Inspired by nature: Celebrating biodiversity with Haikus

19 May 2017
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This publication has been prepared to help celebrate the International Day for Biological Diversity on May 22, 2017, and this year’s theme of Biodiversity and Sustainable Tourism.

Biodiversity provides the essential foundations for our very existence, livelihoods, and prosperity. It provides us with clean water, air, soil, food, medicine, and resources for jobs and growth. It underpins global tourism – one of the world’s fastest growing industries with tremendous potential for contributing to sustainable, inclusive, and equitable development. Biodiversity enriches our lives and culture with its many surprises and breathtaking wildlife, instilling in us a sense of wonder, excitement, peace and happiness. We, of course, are a part of biodiversity, too, sharing this finite and astonishingly beautiful planet with all other species, great and small. 

Poetry, like literature, philosophy, music, design and all the creative arts, is often inspired by nature – landscapes, wildlife, and the natural world we live in. Haiku is a traditional form of Japanese poetry that also takes nature as its focus. It is based on a system of three lines and a set syllable pattern. The first and last lines of a haiku have five syllables and the middle line has seven syllables. This 5-7-5 pattern provides a simple structure around which moving images can be woven together to reflect a common respect, admiration and love for all living things on our shared planet. This simplicity of haiku helps convey the profound beauty of the world around us.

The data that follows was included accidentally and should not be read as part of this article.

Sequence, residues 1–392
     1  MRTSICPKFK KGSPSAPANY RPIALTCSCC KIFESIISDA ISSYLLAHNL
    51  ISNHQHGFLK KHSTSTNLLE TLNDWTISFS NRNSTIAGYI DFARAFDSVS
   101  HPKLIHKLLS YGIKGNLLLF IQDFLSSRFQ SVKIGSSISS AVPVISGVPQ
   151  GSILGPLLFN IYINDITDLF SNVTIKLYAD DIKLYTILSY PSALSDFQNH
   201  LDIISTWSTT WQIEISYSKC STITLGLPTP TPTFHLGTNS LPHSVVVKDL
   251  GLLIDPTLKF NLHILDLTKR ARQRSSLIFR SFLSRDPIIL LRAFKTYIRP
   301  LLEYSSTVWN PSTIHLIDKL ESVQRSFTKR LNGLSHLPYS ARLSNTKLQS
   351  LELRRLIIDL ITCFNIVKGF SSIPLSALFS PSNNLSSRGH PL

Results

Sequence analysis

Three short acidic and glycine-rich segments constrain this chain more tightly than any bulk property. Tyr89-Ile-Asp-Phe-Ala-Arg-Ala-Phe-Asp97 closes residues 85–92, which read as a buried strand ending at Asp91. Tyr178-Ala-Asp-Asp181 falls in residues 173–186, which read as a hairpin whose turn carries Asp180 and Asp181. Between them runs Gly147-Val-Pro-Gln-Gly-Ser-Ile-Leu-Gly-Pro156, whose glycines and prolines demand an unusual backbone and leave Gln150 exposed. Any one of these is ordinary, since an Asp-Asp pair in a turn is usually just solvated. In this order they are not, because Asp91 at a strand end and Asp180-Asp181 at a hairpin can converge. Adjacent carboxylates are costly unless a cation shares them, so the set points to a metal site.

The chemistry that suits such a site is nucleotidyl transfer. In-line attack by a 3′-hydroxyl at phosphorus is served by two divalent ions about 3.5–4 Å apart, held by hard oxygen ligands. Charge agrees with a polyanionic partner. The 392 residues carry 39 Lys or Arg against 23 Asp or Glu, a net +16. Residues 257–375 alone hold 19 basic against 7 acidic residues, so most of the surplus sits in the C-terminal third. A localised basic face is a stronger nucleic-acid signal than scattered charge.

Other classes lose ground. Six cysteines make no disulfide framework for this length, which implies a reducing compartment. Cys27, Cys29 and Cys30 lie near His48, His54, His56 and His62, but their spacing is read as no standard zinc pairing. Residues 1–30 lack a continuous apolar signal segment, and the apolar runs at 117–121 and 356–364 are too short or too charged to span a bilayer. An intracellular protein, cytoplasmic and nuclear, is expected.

In this publication, we celebrate the diversity of life on Earth with a collection of 82 haikus, contributed by more than 60 friends, family and colleagues from UNDP and partners. Through this art and poetry, we renew our shared commitment to protecting and preserving the environment, and to leaving an equally diverse world for generations to come. A Haiku is a thought often written down in one inspired moment that lingers on in the mind and imagination of the author and all who read it. Sharing such collective forms of expression and appreciation are essential to our broader efforts conserving our natural treasures and shared heritage. 

 

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